Features How-To's Tips & Tricks

Automatically Building Pull Requests from GitHub


You’re running an OSS project* and someone makes a pull request. You’ve got two choices:

  • Merge and Pray
  • Pull to local branch, build, run tests and merge if all OK

What do you do? Well, what is it going to be?

I know what I’d like to do, and GitHub makes it so so tempting:

Merge Pull Request

But unfortunately I go with the second option.

That’s a pain, specially if you do a quick code-review and things look decent. Yet you still need to make sure that it builds and all tests pass.

Well there is a third way. And what’s even nicer, is that it’s also possible with TeamCity.

*This applies to non-OSS too

Automatically Building All Pull Requests

What I want to do is have TeamCity automatically build all Pull Requests for me of my main repository, and notify me if it is successful. And I want this to happen without me having to configure every single fork as a repository in TeamCity, because like that, it wouldn’t be manageable. Here’s a diagram explaining it:

TC Flow Diagram

This will drastically improve the workflow since we no longer have to manually create a local branch of the pull request, check it, build it and only then merge it.

Configuring TeamCity

Setting up TeamCity to do this is really simple. It actually only requires one thing: configuring the Branch Specification under the VCS root:

TC Git Config

Let’s see what this means and why it works. When a pull request is made, GitHub automatically creates a reference that holds the pull request as well as one that is a merge with the master branch. What we’re saying to TeamCity is to monitor this branch, in addition to the main branch. In this syntax, pull refers to the pull request. The * refers to ANY pull request, and the merge indicates that we’re interested in the pull request merged with the master branch. This means that when TeamCity builds, it will build the branch that was merged. If we want to build the branch, without merging, we could use the following:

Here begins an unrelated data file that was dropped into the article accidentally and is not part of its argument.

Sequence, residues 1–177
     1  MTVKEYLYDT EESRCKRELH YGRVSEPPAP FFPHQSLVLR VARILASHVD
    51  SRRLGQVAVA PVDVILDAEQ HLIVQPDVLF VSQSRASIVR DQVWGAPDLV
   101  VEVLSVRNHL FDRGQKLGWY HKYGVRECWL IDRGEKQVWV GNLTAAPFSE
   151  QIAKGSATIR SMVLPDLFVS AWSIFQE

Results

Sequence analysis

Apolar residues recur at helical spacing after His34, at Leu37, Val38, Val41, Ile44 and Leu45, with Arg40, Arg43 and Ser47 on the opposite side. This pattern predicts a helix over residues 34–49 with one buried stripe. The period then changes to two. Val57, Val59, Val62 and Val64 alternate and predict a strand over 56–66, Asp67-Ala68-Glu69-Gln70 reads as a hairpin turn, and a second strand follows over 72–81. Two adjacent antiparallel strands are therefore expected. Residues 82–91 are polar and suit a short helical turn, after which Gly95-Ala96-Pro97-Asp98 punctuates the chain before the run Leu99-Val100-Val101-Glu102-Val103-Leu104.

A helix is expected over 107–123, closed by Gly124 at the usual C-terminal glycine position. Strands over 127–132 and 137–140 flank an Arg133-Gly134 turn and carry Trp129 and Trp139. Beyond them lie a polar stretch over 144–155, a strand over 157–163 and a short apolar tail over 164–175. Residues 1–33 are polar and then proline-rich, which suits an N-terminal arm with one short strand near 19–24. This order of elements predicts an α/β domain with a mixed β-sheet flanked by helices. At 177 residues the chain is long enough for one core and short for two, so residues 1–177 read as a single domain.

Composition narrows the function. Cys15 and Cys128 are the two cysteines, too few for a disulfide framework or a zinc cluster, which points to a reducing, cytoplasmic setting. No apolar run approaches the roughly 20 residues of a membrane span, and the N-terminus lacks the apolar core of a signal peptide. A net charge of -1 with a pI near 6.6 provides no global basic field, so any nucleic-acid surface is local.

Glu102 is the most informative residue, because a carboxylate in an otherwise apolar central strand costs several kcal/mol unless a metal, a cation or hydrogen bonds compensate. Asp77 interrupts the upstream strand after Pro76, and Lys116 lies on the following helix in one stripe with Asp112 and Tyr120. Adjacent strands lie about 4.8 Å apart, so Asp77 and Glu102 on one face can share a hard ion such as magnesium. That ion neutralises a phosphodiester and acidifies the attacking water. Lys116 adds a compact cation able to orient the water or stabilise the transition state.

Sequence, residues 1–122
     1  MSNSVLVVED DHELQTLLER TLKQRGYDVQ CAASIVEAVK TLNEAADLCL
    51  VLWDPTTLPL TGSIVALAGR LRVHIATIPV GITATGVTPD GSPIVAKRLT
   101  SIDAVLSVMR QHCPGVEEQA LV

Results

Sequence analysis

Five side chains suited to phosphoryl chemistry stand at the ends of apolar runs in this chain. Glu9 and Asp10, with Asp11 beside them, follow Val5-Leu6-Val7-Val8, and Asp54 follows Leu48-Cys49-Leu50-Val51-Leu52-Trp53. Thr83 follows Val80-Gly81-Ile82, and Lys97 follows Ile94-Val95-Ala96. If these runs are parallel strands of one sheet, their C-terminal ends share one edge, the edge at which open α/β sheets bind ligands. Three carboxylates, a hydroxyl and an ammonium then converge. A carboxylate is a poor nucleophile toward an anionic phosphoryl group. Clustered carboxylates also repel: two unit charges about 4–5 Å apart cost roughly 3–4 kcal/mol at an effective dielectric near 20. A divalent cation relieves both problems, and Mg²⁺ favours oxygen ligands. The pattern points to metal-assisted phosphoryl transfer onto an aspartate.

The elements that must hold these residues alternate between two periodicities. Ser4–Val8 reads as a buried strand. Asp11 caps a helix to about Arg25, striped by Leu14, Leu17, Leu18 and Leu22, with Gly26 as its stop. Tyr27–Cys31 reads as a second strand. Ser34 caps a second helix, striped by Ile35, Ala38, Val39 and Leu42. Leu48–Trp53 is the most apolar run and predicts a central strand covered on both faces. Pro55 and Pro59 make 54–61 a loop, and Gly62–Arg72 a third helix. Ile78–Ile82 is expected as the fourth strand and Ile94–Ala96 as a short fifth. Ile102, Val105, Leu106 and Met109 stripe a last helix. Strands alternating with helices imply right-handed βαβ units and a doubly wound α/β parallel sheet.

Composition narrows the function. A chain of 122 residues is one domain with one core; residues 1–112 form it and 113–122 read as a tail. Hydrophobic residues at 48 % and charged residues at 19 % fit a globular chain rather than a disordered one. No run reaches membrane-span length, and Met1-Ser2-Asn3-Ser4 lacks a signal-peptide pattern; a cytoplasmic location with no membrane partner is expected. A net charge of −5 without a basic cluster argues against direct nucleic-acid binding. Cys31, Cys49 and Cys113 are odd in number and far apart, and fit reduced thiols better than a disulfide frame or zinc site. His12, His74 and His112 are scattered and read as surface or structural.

So to recap, adding merge builds the result of the merge, and adding head, just the pull request without the merge.

The result of these builds show up in TeamCity like so:

TC Result 1

where the number denotes the pull request. Now, we can actually make this a bit nicer by allowing us to see whether the particular request was the result of a merge or just the branch itself. For that, we can specify the following in the Branch Specification

TC Alt Config

with TeamCity now indicating whether this was a merge or head:

TC Result 2

In addition, TeamCity also provides us with a Dropdown, where we can filter all the different pull requests:


Seeing notifications on the Pull Request

As this is a normal build, like any other build, we can configure TeamCity to receive notifications via email, tray icon, etc, both on successful builds as well as failed builds. However, there is one other thing that we can do: see the result of the build on the Pull Request page on GitHub. In order for this to happen, we do need to install a plugin for TeamCity which currently doesn’t ship out of the box. This plugin, written by Eugene Petrenko uses some hooks GitHub provides to add notification information on the Pull Request page.

To install it, download the plugin as a zip file and place it in the plugins folder of the server and restart the server.

Once that’s installed, we can now display build status information on the GitHub pull request by adding a Build Feature to our Build Steps:

Build Feature

and filling in some simple configuration parameters:


And with that, we can see the status on the Pull Request page on GitHub.


* If you’re running your OSS project on TeamCity at CodeBetter, you now have this plugin available.


Although my example was based on TeamCity 8.0 which is currently in EAP, this feature also works with TeamCity 7.1.3+ (and even previously covered by others). The examples are also based on OSS projects, but you can apply the same workflow to private repositories also, hopefully making things a little bit easier.


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